The U.S. Census Bureau states that the average American retires at age 63. Yet the Social Security Administration defines full retirement age as between 65 and 67, depending on your year of birth. Your employer may say something different. Deciding when to retire is one of the hardest decisions you’ll have to make. Retire too late and you may not have the energy to enjoy it. But if you retire too early, you could end up in financial trouble. So how can you know if you’re truly ready to retire?
When you’re mulling over your retirement readiness there’s more to consider than your current retirement savings. We made this checklist to help near-retirees determine if they’re really ready. Ideally, you’d cross off each item on this retirement checklist before leaving your job.
1. Take inventory of your assets.
First things first: You need to figure out where you stand financially. Evaluate your budget. Write down every debt, liability, savings balance, income stream and insurance policy you have. Don’t forget about properties, vehicles and other valuable possessions that affect your bottom line. A good way to do this is by creating a worksheet that you can adjust on a regular basis. This process will allow you to assess your current financial situation and plan accordingly.
As you review, keep in mind that you won’t be getting a paycheck once you retire. Experts often say you’ll need at least $1 million to retire comfortably, but Bureau of Labor Statistics records show that the average American age 55 or older spends $49,279 every year. Whichever benchmark you use, it will at least give you something to measure your current status against.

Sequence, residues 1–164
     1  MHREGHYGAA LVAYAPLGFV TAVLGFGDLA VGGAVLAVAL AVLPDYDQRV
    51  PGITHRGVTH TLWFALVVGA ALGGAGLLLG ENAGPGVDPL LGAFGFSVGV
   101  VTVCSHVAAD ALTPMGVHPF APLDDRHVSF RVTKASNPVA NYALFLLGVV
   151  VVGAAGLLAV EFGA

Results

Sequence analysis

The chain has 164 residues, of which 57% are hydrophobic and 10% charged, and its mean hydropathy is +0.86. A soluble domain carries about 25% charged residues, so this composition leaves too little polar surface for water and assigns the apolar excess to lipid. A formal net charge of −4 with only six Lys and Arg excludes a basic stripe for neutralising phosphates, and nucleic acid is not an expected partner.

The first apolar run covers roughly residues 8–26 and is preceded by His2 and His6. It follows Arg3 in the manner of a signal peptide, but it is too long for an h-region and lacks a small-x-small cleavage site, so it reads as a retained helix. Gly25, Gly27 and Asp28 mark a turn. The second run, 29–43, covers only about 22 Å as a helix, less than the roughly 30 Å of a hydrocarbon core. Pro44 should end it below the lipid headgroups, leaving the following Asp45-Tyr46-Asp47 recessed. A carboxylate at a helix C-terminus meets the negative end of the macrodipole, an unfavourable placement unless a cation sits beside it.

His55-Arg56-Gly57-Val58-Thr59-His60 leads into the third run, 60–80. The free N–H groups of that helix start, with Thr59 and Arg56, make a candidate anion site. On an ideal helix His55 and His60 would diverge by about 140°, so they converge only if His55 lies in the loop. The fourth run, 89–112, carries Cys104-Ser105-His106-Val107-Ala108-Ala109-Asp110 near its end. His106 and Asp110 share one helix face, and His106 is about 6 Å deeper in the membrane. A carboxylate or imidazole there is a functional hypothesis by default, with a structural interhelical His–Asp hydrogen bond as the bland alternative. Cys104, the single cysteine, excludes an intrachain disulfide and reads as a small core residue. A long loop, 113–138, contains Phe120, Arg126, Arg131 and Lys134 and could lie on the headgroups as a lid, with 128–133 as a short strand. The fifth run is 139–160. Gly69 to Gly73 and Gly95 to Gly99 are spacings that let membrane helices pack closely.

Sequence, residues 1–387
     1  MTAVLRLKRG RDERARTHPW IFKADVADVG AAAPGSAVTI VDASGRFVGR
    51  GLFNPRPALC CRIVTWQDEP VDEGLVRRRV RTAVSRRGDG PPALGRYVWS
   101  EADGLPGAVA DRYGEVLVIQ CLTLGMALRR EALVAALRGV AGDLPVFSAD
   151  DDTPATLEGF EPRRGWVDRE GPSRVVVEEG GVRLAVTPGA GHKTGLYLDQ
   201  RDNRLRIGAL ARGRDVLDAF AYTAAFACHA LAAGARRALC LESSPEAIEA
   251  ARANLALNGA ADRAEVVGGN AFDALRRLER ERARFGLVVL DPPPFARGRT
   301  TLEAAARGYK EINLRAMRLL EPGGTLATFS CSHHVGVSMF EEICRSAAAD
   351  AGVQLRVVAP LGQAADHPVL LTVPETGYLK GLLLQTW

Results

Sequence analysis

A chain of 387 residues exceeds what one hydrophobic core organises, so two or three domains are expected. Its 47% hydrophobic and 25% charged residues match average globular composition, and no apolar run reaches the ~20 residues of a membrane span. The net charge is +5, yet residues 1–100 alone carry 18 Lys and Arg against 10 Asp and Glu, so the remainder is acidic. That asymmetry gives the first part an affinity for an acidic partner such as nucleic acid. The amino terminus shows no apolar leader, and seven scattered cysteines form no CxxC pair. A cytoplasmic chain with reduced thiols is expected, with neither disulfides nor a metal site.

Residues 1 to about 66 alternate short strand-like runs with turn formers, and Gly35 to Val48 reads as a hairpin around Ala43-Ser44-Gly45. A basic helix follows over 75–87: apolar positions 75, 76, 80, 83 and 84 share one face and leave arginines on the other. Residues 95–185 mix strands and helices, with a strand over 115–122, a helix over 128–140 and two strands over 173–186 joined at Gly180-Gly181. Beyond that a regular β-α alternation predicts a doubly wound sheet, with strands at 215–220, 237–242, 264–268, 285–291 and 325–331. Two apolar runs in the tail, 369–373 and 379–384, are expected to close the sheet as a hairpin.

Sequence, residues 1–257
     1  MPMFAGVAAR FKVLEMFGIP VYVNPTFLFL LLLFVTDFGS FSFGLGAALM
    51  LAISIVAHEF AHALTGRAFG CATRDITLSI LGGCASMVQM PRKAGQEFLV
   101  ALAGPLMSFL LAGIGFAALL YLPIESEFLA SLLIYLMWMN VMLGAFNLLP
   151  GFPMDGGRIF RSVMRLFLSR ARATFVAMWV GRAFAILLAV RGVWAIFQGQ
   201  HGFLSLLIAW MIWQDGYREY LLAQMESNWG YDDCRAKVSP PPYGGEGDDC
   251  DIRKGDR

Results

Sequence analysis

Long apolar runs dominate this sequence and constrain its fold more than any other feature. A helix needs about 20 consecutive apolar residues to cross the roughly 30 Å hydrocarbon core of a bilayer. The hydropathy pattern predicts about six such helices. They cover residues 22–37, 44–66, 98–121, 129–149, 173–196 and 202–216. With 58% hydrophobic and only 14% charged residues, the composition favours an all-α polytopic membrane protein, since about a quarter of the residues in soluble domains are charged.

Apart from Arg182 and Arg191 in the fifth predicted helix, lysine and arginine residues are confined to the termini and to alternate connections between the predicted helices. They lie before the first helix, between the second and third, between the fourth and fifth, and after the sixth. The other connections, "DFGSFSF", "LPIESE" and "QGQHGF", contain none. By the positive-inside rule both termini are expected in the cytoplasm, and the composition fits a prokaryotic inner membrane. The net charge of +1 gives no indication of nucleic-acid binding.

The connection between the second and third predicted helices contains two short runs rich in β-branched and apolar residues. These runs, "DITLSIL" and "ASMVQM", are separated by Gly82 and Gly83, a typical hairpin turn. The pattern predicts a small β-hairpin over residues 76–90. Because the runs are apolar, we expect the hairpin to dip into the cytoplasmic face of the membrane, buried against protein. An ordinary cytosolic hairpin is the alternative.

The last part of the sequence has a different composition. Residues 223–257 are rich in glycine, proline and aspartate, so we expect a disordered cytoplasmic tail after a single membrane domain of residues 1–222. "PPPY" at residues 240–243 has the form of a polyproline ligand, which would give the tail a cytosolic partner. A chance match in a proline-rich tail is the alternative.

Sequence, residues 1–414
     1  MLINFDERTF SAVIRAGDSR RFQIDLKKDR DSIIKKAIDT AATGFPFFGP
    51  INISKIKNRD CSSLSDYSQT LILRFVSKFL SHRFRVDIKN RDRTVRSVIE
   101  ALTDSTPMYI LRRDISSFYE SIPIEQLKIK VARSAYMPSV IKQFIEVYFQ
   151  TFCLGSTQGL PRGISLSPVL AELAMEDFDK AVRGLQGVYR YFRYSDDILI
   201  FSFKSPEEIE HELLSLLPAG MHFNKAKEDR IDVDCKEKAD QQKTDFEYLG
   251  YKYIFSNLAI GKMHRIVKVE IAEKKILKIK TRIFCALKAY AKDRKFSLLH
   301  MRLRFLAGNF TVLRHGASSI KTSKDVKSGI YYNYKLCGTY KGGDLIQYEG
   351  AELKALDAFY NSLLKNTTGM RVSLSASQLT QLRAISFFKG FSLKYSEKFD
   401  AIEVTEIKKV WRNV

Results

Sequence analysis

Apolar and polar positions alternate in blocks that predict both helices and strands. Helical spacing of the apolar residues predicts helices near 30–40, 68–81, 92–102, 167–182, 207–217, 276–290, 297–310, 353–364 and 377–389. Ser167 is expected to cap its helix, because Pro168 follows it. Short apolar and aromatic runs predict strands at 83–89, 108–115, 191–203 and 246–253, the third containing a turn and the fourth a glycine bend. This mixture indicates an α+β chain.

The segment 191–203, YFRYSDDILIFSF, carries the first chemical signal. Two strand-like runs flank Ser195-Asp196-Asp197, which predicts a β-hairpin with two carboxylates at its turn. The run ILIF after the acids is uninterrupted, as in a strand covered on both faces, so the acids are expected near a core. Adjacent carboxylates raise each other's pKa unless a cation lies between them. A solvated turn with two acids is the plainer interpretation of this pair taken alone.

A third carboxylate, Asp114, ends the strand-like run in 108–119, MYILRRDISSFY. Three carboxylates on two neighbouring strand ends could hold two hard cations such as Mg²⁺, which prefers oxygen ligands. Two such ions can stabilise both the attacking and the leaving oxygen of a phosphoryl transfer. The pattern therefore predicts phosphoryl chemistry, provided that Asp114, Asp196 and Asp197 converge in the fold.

2. Build an emergency fund.
Before you take any major financial step, you want to be sure you’re protected should things not go according to plan. Hopefully you aren’t learning about emergency funds for the first time when you’re within years of retirement. But if you have somehow gotten this far without a financial security blanket, now’s the time to create one. It will cover you in the event of personal catastrophe, and it can also make up for delays in the start date of your pension or Social Security.
Some experts recommend that you sock away three months of living expenses, while others suggest you save enough for at least a year. Six months’ worth of funds should be enough to cover you in case of emergency. Base the amount of this six-month fund on your expenses, not your income. No matter your current state of employment, this fund is about how much you’re spending. Remember to include expenses currently covered by your employer (like healthcare) because your emergency fund will need to transition into retirement with you.
Keep your fund somewhere safe and separate from your other savings so you aren’t tempted to spend it. A passbook savings or money market account could be a good option. They’re liquid in case you need to access your funds, but still earn interest.
3. Eliminate all debt.
In an ideal world, we’d all enter retirement without any debt. Since your income is likely to decrease, any fixed payments will start to take up a larger share of your expenses. If you’re nearing retirement, it’s time to take a look at the debt column of your inventory. Add interest rates and terms in a new column beside your outstanding debts.